Nowhere City
Nowhere City Viewport
People / Places / Things
The Literate Masochist
by Deborah Markus

here are a number of good reasons for seeking out writers you really love to hate. I don't mean someone you've just never liked, or someone you know you ought to like, you've every reason to enjoy, all of whose friend you admire, but the chemistry just isn't right and you can't make it work. I mean someone who gets on your nerves in a rather specific, delicious sort of way.

I've had this kind of doomed, hopeless relationship with Henry James for years. Ask me how I can swoon over Wharton and not be able to click with James. Go on, ask me. I can't answer. But I'm not talking about an undeveloped, for whatever reason, taste. I'm talking about writers I know I detest and at the same time I just can't get enough of.

I don't even mean those books that are so bad they're good, or at least funny. Cornball over-the-top romances and men's adventure novels come to mind. I'm talking about just plain bad books. I must be some kind of literary masochist.

Some of these writers are obscure. Take Sonia Johnson, whom you've likely never heard of and it's probably just as well. A long time ago, say a couple of decades, Ms. Johnson actually lived on the same planet as the rest of us. She was a Mormon (and no, that doesn't contradict what I just said -- be nice) who thought that being a feminist didn't mean having to give up her religion. Her church thought otherwise and kicked her out, and she, not unnaturally, was peeved. So she wrote her autobiography, From Housewife to Heretic, and got her 15 minutes of fame.

So big whoop. That book was actually pretty good -- Mormon history, Mormon not-so-history (their allowing blacks full membership privileges is within living memory), women's history, gory details about a marriage gone down the tubes. Lots of fun.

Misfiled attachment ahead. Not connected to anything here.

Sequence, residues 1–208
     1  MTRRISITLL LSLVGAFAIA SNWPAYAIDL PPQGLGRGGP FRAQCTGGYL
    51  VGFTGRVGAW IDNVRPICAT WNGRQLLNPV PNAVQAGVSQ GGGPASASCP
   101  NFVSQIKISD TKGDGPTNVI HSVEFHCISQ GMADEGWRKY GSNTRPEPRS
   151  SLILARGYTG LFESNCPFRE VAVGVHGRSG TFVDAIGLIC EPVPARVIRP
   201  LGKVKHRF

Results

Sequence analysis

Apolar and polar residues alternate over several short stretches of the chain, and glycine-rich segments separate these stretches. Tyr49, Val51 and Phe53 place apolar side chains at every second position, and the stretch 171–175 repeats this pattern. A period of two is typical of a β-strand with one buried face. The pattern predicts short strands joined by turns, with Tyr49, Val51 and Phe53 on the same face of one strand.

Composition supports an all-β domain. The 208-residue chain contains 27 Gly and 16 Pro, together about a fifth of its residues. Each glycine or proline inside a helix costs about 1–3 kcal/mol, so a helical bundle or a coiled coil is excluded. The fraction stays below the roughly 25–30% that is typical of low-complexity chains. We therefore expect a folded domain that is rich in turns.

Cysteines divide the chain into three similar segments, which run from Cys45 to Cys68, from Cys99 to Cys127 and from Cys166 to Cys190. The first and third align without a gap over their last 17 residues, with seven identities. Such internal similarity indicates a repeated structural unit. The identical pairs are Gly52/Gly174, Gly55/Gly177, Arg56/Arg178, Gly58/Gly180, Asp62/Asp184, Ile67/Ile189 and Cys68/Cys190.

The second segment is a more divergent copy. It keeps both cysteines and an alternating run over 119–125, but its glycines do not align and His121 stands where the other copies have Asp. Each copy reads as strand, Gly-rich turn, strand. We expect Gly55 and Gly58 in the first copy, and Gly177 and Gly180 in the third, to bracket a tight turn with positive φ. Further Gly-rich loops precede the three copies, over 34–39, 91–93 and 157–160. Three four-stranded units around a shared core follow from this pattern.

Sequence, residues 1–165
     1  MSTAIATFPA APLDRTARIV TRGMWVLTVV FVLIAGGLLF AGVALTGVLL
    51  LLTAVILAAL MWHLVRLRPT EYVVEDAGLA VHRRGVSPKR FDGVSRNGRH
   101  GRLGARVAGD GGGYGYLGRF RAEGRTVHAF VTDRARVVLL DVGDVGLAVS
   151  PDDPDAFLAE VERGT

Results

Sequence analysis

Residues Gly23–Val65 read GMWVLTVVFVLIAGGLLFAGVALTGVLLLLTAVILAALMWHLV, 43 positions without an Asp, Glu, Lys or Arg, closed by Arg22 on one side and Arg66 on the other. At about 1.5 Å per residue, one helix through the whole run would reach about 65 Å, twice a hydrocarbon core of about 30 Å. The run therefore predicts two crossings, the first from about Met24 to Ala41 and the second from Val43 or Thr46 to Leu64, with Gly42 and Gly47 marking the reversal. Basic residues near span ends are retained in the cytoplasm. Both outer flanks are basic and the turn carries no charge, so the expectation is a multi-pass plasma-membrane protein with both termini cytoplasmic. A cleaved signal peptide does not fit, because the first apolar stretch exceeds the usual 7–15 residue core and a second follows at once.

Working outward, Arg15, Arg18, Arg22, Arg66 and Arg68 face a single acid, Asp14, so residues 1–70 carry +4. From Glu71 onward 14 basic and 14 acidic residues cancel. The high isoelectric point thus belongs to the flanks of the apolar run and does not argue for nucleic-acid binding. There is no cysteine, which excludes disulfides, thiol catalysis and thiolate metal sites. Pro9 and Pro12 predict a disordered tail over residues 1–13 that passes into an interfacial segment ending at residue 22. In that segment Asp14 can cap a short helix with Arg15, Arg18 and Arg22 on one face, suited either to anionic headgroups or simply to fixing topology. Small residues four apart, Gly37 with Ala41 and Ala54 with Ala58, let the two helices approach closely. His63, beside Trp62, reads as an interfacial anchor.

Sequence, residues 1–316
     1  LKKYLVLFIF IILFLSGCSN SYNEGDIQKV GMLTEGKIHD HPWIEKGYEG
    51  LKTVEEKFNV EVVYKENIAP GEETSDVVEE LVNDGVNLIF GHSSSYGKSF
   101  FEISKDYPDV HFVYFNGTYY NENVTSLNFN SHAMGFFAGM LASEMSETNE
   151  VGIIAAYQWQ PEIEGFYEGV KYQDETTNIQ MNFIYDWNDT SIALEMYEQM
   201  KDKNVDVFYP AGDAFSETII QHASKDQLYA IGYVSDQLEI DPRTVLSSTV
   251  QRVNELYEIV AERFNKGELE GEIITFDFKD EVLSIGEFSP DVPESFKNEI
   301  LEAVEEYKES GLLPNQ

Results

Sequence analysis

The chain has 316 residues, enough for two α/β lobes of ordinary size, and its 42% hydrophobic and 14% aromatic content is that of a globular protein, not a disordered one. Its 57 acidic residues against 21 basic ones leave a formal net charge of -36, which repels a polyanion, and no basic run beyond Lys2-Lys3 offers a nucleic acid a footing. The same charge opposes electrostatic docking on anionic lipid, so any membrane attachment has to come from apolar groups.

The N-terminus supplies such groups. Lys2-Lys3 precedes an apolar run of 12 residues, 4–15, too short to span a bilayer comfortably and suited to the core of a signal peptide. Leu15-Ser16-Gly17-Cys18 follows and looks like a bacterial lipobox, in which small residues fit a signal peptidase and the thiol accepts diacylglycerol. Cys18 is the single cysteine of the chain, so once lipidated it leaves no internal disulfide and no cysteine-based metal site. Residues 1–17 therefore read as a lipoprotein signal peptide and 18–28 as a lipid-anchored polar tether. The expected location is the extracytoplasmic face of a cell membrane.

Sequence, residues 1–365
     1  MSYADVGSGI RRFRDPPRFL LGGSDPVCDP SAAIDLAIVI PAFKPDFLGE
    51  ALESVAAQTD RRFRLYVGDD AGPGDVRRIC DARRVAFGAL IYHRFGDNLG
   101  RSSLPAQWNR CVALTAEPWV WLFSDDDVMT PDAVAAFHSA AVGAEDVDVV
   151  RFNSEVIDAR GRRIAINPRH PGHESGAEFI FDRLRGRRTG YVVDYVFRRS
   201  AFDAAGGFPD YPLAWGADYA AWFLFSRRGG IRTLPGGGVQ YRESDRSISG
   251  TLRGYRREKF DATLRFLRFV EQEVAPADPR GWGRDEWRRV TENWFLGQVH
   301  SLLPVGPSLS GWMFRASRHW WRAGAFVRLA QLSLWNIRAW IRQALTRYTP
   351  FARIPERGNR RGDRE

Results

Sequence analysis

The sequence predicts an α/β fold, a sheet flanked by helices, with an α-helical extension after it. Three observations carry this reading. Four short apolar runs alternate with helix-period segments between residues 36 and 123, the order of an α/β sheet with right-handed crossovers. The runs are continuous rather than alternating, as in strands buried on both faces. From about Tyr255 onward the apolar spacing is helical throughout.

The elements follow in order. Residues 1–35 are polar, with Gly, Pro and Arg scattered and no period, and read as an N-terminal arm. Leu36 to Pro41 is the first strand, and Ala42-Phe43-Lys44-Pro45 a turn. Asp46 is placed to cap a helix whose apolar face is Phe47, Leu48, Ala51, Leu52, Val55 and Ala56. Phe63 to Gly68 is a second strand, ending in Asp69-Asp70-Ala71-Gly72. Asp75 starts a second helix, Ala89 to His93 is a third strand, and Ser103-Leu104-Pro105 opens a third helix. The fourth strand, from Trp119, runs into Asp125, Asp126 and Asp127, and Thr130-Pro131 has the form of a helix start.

It would have been a great Cinderella story -- except that Sonia didn't stop writing after that. She became one of those people who figures, hey, why blame just one guy or religion or deity when I can trash an entire gender, all organized religions, and any deity out there who doesn't agree with me, which weirdly enough meant pretty much all of them in Johnson's case. So each book she wrote got a little weirder and a little worse, and I went from interested admiration to slack-jawed incredulity until the stretch of time between the calls I was compelled to make to my husband, no matter where he was, and insist that he listen to the most bizarre nonsensicality he'd ever heard got so small that the most sensitive instruments on the planet couldn't measure it. I ate these books up with unfading fascination and endless enjoyment. Sure, part of me railed against a writer who once did such fine work and was now writing novels about channeling spirits and theorizing that people could once see in the dark, like cats (and if they can't any more, it's all men's fault). But mostly I was delighted at this turn for the worse. I wanted to write her a note thanking her for adding to the sum total of human pleasure in the world. Kind of like "Calvin and Hobbes," only funnier and less rooted in reality. Which sentiment I realized Johnson might not appreciate, so I kept it to myself after all.